Feng expressed a similar idea ahead of the 2015 CPPCC, repeating his claim that “you cannot have love [爱 in SC, 愛 in TC] with no ‘heart’ [心].” In Hong Kong, the most fanatical critics of TVB’s so-called “character assassination” decision stereotype SC as being part of the cult of extremism that contributed to the Cultural Revolution,

Supporters of simplification, on the other hand, point out that characters have always evolved throughout history: “Traditional” characters in Taiwan and Hong Kong simply refer to the writing systems standardized by their own respective governments and derived from kaishu (楷书), a system first developed in the Northern and Southern Dynasties (420-589) period. The many simplified forms used today were already in common use prior to 1956; indeed, some are restorations of early characters that have become more complicated over time. An attempt to introduce a third round of reform in 1977 failed, in fact, because the proposed simplifications were not already in common use.

On the mainland, there are apps and input systems now available to transform SC messages to TC—although glitches in the software can produce humorous translation errors—comparable to “Chinglish” on Chinese-English bilingual signs—or insert rare, non-standard, or unnecessary TC that wouldn’t be used by a fluent writer in Hong Kong or Taiwan (the mutant tortoises from earlier, for example, would more likely have been 尋衅幾群骯髒變態嚙齒鰐亀).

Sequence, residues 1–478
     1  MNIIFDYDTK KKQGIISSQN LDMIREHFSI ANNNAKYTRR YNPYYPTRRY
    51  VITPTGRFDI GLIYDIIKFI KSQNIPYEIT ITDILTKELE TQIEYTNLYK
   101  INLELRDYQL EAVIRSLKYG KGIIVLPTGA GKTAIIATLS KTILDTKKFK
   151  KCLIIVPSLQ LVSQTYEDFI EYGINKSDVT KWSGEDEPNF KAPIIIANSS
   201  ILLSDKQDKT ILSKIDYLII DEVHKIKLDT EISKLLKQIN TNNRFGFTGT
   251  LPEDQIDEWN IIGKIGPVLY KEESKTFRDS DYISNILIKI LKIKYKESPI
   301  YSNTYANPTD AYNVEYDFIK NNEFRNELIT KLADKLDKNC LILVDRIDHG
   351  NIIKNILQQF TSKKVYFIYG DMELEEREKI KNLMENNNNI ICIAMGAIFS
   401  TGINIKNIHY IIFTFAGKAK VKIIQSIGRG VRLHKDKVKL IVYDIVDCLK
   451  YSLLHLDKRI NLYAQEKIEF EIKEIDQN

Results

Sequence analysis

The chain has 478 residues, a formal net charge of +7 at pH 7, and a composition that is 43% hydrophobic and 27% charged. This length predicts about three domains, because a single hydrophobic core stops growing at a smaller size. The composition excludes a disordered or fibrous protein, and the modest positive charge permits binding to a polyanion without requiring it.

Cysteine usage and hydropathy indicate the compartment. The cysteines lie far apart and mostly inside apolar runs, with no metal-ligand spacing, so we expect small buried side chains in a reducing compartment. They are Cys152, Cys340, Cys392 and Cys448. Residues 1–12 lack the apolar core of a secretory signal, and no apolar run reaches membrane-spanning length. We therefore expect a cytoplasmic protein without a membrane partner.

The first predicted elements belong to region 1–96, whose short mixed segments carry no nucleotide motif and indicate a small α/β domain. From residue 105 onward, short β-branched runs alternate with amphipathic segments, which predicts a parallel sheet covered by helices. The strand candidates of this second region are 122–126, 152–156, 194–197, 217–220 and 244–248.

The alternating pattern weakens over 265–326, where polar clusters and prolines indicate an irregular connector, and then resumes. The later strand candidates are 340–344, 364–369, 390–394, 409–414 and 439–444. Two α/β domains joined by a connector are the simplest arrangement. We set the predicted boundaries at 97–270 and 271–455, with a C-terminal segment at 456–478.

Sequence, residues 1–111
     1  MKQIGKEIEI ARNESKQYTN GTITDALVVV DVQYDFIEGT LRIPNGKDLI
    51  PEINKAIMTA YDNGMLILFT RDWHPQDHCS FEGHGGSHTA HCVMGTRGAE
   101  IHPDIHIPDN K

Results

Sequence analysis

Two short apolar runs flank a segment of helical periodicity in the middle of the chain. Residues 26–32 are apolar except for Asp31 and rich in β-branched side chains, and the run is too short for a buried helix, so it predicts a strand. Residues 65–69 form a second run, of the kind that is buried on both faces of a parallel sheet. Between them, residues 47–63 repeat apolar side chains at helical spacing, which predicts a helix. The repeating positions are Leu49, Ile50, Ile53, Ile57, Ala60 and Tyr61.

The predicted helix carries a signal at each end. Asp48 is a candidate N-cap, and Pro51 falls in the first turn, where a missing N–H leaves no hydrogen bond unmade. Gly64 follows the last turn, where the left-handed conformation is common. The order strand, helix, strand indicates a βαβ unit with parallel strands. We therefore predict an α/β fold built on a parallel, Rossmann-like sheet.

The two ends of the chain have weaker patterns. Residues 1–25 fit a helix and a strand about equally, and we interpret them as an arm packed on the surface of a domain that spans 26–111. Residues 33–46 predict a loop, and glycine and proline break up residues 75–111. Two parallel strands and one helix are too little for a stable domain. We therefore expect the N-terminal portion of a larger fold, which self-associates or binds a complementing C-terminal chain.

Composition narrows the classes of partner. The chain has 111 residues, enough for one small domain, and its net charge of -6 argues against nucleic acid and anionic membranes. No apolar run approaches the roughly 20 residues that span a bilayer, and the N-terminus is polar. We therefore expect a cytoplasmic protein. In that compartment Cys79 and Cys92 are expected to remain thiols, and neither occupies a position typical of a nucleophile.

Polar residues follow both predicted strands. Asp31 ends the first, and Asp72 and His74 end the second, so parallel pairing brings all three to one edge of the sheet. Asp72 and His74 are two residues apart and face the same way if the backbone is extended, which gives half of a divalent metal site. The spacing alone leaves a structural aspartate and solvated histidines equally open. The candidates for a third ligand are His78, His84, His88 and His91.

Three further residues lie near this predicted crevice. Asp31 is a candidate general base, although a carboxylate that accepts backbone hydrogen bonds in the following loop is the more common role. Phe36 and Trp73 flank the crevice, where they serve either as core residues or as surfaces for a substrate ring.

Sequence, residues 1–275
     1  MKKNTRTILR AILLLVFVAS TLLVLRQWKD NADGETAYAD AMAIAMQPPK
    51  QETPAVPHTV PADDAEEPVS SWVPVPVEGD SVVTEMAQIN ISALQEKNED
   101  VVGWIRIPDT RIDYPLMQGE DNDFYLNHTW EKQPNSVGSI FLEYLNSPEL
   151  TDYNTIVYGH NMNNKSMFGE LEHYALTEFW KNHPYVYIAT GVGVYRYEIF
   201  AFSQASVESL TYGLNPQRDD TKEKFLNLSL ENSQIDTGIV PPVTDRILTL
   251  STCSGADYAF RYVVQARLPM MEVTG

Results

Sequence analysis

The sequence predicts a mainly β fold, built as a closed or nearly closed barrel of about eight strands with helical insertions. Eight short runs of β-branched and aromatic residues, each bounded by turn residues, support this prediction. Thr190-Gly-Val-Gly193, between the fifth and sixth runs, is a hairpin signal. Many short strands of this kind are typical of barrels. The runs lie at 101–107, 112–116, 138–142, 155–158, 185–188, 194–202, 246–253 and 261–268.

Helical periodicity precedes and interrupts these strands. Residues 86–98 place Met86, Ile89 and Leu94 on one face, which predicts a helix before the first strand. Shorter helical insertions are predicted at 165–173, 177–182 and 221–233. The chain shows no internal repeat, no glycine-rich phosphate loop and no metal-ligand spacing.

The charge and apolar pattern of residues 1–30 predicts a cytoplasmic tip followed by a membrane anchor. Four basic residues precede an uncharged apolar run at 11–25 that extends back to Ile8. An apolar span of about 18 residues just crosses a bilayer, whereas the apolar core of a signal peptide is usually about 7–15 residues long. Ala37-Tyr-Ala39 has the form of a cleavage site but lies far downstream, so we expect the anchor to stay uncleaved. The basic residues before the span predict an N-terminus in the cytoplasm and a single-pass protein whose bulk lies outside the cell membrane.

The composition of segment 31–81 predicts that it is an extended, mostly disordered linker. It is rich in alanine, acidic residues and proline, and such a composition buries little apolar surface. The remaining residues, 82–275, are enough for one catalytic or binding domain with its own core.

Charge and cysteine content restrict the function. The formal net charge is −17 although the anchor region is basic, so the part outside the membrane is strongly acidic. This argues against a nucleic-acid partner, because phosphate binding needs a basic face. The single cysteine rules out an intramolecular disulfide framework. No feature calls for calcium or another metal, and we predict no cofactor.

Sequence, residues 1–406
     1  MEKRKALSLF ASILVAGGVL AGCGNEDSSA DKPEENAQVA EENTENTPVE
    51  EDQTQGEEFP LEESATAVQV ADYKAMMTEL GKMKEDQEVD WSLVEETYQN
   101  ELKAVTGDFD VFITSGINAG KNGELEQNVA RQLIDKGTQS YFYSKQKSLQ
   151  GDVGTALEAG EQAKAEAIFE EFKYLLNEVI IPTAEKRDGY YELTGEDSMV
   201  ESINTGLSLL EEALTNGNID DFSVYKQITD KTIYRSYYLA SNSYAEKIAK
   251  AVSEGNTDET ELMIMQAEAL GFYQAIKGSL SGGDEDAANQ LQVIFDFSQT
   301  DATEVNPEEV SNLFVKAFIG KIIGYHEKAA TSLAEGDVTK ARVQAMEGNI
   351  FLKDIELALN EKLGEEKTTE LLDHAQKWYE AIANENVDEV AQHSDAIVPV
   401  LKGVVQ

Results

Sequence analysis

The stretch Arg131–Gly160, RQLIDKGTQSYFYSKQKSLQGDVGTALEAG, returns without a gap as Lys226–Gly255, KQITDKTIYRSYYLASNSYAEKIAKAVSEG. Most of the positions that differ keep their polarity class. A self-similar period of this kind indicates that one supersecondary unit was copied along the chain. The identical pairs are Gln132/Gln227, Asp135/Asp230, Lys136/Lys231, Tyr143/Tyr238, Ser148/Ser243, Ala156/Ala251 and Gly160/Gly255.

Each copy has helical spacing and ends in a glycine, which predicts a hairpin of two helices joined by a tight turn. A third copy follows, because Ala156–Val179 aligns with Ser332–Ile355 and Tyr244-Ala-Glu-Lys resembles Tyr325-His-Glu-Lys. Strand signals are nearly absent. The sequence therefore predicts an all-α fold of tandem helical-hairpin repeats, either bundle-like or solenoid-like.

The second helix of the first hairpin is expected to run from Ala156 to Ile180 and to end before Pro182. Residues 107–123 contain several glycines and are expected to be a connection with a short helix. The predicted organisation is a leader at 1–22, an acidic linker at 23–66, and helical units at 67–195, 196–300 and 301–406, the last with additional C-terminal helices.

At the 2015 CPPCC, Feng the director noted that familiarity with TC, stripped of politics and class, still has the tangible benefit of making ancient historical texts and classical literature more widely read. Unlike his predecessors at the 2008 and 2009 CPPCC, he didn’t advocate for replacement of SC or even propose the teaching of both systems simultaneously—but only the teaching of 50-200 “meaningful” characters in school.

But for many fans of TC, it’s not enough to compromise. “If a customer can’t read Traditional and asks me to rewrite something in Simplified, I’d answer—‘as a Chinese person, you may not be able to write in Traditional, but it’s unacceptable to not understand it,” Mai says. “As someone able to use it fluently, I feel like I should do my part in ensuring the continuity of this culture.”


author Hatty Liu

Hatty Liu is the former managing editor of The World of Chinese, and an award-winning communications researcher. Born in China, and raised in China, Canada, and the US, she leverages her cross-cultural identity to create more empathetic knowledge across national boundaries.